As if designed by the hockey gods themselves, wunderkind Sidney Crosby scored the game-winning goal for Team Canada in the gold medal game over the United States Sunday in Vancouver.
It seemed appropriately fitting after the legendary Wayne Gretzy ushered in the 2010 Olympic Games by lighting the torch that Sid the Kid should close them by lighting the lamp in the 3-2 overtime thriller.
But while Canada rejoices and international hockey basks in what could have been its finest hour at these games, Nashville has every reason to celebrate as well.
That’s because Shea Weber and Ryan Suter, both young mainstays with the Predators, turned plenty of heads and made many admirers with their stellar play — not only in the gold-medal contest, throughout the tourney.
Suter, who seemed to be around the net every time the Americans scored a goal, led the USA with 137 minutes of ice team and a plus-9 rating. He did so while collecting 4 assists for an underdog team — the youngest at the Olympics — that surprisingly didn’t lose a game until Crosby’s shot beat tournament MVP Ryan Miller almost eight minutes into OT.
And despite Suter’s efforts, he was overshadowed in the end by Nashville teammate Shea Weber.
It was Weber who contributed two goals and four assists for the Canadians, including one blast that tore through the netting against the Germans.
It was Weber who spoke with quiet confidence after the Game 1 loss to the Americans, deflecting questions about pressure and overconfidence, saying we’d see a better effort the next time out — which we did.
It was Weber who shut down scoring threat Alexander Ovechkin with some physical play as Canada sent the Russians home.
“That's a pretty tall order and he did a great job," Predators coach Barry Trotz said of Weber's job on Ovechkin. "That's a real building block for his career."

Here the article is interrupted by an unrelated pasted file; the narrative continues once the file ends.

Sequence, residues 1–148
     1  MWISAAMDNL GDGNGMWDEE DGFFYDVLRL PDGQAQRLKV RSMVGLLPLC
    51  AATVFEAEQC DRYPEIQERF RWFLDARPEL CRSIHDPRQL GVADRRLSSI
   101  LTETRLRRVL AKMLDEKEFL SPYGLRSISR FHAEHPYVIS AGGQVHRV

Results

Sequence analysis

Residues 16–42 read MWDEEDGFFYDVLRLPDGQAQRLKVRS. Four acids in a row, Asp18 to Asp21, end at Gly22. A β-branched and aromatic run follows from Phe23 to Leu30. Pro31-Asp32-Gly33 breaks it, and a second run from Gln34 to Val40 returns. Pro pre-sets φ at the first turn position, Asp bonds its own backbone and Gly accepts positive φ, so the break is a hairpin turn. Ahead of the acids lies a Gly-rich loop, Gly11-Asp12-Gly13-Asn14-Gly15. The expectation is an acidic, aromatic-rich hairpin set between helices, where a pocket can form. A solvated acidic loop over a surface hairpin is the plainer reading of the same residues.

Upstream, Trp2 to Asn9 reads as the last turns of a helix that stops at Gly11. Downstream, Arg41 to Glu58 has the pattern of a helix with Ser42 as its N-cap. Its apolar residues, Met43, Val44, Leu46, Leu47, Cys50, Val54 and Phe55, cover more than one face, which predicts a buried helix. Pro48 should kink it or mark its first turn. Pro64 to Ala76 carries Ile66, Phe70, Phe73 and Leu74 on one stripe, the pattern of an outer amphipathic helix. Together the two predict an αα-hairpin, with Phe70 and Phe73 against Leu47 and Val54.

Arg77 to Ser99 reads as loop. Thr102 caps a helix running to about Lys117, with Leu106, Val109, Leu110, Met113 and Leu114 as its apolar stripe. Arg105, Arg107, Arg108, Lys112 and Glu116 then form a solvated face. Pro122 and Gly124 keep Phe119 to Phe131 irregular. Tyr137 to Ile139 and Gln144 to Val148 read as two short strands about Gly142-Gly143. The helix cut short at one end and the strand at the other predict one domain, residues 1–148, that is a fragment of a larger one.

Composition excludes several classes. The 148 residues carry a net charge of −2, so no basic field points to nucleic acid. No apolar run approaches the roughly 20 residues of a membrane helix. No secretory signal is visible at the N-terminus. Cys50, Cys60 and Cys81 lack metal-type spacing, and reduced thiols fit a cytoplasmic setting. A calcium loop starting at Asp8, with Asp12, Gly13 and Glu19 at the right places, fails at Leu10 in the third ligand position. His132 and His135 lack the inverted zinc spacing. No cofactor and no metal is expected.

And it was Weber adding another building block Sunday, being named to the 2010 Olympic all-star squad.
“That's the stuff you dream about as a kid, playing in those big situations against the best players in the world,” Weber told NHL.com after the win over Russia. “It's not an easy task by any means, but I thought we did a good job as a team.”
The best for Weber and Canada was yet to come, and more of that kid’s dream came true when Shea was given his gold medal. [Perhaps his dream also includes a Stanley Cup, and wouldn’t it be nice if it’s hoisted in Music City.]
According to Suter, he and Weber saw each other often in the Olympic Village, chatting about nothing in particular; texting occasionally, too. But if Weber was feeling any pressure, especially after losing to the Americans and surviving after Switzerland took Canada to a shootout, he wasn’t showing it.
Phil Coffey of NHL.com even compared the defenseman to something otherworldly on Sunday. “Weber might not leap buildings with a single bound, but his slapshots rip the twine — as one did against Germany. The Nashville blueliner's best work, however, came in a shutdown role against Russia when he blanked Alex Ovechkin.”
Weber was joined on the media-chosen 2010 Olympic men's hockey all-stars by Miller, Brian Rafalski and Zach Parise [USA], who scored the tying goal with just 25 seconds Sunday; Jonathan Toews of Canada and Pavol Demitra of Slovakia.
From an American collective, Canada survived one of the greatest games in Olympic history to cap the host country's record gold rush in Vancouver. And having beaten them once, the Americans knew all they needed to be was one shot better.
Suter himself had a golden opportunity when he tried to redirect a shot late in the second period that would have tied the game 2-2, but it went wide of the net. Instead, the young Predators defenseman was forced to join a line of dejected teammates — even one with silver medals draped around their necks — that could only stare down at the ice as “O, Canada” blared from the loudspeakers.
But his efforts, like Weber’s, did not go unnoticed by the Predators, NHL fans and the hockey world in general.
“No one knew our names. People know our names now,” said Chris Drury, one of three holdovers from the 2002 U.S. team that also lost to Canada in the gold-medal game.
Canada is now tied with Russia/United Team with eight hockey gold medals.
Asking the United States to beat favored Canada two times in eight days was a monumental undertaking, but amazingly was in their grasp. It also would have been its first gold medal outside the country — Americans' two gold medals came in 1960 in Squaw Valley, Calif., and in 1980 at Lake Placid, N.Y.